|Contents||This theme includes example sections and will be revised and added to as we proceed. Suggestions for additions, improvements and the correction of factual errors are always appreciated. |
Status: Collect > Document > Analyse > Improve
979.01 Portrait > Introduction to occupationals
Every occupation has its own photographic history and these visually rich stories reflect the prevailing photographic styles and the techniques and processes of the time they were taken. Comprehensive studies of the occupational types of a country or region are rare and the work of August Sander in Germany in the 1920s and 30s is an often-cited example..
Those not wearing their leisure clothing are usually wearing the clothing of their occupation but this does not mean that any picture of an adult is collectable. The key is where the clothing is a uniform, for example military, firemen, sailors or has characteristics that only apply a specific occupation or the subject of the image is shown with items of their trade. A bricklayer with bricks and a hod has more evidence than a person standing in dust covered clothing. A politician is difficult to tell from an author or a spy unless there is additional evidence.
As photography spread around the world during the nineteenth century it went along with the growth of European empires, foreign trade and travel. As the barriers to travel reduced so the need for souvenirs rose along with anthropologists and ethnographers seeking photographic records on their subjects of interest. Scientists collected photographs and local photographers recognised these markets and provided sets of images of "types" (Spanish - Tipos) showing characteristic occupations. Photographers such as Christiano Júnior in Brazil, François Aubert) and Merille in Mexico created tipos long before August Sander in Germany.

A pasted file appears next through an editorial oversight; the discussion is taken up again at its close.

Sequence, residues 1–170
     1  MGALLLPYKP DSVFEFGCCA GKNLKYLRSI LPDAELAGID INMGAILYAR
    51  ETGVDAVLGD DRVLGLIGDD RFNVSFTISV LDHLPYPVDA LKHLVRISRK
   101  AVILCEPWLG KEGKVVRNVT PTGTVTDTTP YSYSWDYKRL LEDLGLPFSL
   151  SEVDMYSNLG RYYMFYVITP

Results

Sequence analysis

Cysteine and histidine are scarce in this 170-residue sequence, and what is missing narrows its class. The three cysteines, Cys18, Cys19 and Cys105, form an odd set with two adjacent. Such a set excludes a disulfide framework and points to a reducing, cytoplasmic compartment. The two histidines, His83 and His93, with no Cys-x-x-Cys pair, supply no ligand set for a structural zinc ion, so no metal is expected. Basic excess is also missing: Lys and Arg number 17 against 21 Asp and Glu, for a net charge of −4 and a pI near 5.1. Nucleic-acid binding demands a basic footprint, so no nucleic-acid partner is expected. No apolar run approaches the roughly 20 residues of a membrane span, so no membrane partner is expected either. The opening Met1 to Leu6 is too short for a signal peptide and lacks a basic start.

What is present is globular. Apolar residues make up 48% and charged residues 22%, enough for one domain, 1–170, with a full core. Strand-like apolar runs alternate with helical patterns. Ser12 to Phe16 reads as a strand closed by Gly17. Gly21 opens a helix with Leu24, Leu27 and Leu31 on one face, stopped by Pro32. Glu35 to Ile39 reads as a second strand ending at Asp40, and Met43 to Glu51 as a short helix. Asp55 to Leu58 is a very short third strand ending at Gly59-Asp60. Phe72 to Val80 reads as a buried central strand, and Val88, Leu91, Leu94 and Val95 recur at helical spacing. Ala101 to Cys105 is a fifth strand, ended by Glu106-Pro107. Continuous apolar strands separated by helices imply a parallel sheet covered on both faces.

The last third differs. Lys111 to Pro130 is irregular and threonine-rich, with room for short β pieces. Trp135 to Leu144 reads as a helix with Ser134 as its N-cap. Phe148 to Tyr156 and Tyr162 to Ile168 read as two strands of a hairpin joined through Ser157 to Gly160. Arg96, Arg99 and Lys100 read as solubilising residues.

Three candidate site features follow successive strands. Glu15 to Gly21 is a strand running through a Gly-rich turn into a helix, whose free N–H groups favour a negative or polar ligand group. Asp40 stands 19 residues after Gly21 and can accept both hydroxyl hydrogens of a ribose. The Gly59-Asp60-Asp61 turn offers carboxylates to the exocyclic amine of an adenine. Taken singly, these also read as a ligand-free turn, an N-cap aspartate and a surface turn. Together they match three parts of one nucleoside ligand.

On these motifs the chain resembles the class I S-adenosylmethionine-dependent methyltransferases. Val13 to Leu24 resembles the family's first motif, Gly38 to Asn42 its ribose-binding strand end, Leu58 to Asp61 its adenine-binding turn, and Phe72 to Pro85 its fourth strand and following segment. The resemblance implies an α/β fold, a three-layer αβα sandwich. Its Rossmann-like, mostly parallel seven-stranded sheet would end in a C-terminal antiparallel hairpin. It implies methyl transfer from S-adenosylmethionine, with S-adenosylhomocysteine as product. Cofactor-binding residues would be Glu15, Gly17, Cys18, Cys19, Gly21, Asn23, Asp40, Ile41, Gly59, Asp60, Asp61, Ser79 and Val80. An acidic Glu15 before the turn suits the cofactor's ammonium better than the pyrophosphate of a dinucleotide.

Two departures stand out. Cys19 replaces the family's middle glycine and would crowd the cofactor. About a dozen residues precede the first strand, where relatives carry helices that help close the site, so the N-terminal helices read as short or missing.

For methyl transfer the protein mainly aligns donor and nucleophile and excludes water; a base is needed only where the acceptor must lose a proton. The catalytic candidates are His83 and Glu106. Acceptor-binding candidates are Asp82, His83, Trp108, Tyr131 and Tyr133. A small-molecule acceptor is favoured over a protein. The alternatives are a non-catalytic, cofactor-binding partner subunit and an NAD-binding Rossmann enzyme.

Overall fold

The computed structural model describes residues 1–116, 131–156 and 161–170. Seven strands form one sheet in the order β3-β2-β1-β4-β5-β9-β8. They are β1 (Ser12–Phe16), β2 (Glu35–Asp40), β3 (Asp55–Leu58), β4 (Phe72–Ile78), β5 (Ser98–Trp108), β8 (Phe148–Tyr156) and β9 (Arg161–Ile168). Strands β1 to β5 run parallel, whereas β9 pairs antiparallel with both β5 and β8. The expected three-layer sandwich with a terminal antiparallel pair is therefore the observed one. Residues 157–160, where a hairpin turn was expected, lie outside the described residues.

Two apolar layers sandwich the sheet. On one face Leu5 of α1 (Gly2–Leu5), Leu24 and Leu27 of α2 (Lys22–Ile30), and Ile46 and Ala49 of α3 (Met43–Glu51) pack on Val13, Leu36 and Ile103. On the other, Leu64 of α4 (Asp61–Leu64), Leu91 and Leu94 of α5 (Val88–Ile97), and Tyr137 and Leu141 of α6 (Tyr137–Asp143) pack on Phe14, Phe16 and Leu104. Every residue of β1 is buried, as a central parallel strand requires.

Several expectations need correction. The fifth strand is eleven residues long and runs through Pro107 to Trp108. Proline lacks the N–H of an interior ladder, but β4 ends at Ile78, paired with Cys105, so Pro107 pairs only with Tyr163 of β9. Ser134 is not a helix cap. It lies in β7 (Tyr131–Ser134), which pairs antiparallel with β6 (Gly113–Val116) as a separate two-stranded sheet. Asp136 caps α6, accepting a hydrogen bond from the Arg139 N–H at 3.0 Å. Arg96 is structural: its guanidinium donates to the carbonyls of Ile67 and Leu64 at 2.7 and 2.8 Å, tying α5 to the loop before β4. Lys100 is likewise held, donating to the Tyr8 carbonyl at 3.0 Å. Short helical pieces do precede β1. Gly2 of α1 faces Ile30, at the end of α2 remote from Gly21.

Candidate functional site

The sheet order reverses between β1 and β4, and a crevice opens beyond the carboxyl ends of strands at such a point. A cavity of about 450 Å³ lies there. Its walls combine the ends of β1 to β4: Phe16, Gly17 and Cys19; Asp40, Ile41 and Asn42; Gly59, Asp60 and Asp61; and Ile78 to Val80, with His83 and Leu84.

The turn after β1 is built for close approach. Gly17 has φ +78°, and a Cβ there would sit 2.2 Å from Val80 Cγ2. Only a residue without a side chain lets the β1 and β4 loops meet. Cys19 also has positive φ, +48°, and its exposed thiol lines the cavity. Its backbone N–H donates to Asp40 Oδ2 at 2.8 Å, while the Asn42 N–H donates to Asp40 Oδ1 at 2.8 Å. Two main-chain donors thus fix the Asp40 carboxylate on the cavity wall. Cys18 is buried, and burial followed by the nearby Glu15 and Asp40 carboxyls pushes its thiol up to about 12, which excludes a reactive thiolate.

Many nineteenth century occupationals were taken in photographic studios rather than the natural working environment of those photographed. They are fabrications or reality. If we look at a number of photographs of porters we can see studio props, painted backgrounds and studio walls.
Occupationals using different techiques
979.02 Portrait > Daguerreotypes: Occupations and roles
Occupational daguerreotypes of women are far less common than those of men and this may be a reflection of gender-based attitudes to work in the nineteenth century.
979.03 Portrait > Carte de visites: Occupations and roles
979.04 Portrait > William Carrick: Russian occupationals
About this photographer | Photographs by this photographer
William Carrick was a Scottish-born photographer whose family were in the Russian timber business. In 1857 he studied photography in Edinburgh with James Good Tunny and then returned to St. Petersburg where he set up a studio with John MacGregor. Carrick, like J. Monstein, made and extensive series of carte de visite occupational portraits of Russian types.
An illustration A Few Russian Photographs, published in Good Words on 1st October 1870, used photographs by William Carrick as we can see from surviving carte de visites.
979.05 Portrait > J. Monstein: Russian types
About this photographer | Photographs by this photographer
Little is known of J. Monstein of Moscow. His name suggests that he might have been German, and indeed, all the inscriptions pencilled on the back of his carte de visites – at least, the ones in this collection - are written in German, in the Gothic alphabet then still in use.
979.06 Portrait > Tintypes: Occupationals
As with all other periods occupational portraits were a common theme for tintypes.  Tintypes were also used for buttons of politicians including Abraham Lincoln and General Grant.
979.07 Portrait > Cabinet cards: Occupations and roles